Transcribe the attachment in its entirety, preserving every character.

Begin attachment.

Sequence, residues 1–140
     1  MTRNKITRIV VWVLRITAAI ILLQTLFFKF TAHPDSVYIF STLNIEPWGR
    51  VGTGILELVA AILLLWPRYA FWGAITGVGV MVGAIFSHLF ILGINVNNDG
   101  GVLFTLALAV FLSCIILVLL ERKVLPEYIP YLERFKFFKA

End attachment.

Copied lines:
Sequence, residues 1–140
     1  MTRNKITRIV VWVLRITAAI ILLQTLFFKF TAHPDSVYIF STLNIEPWGR
    51  VGTGILELVA AILLLWPRYA FWGAITGVGV MVGAIFSHLF ILGINVNNDG
   101  GVLFTLALAV FLSCIILVLL ERKVLPEYIP YLERFKFFKA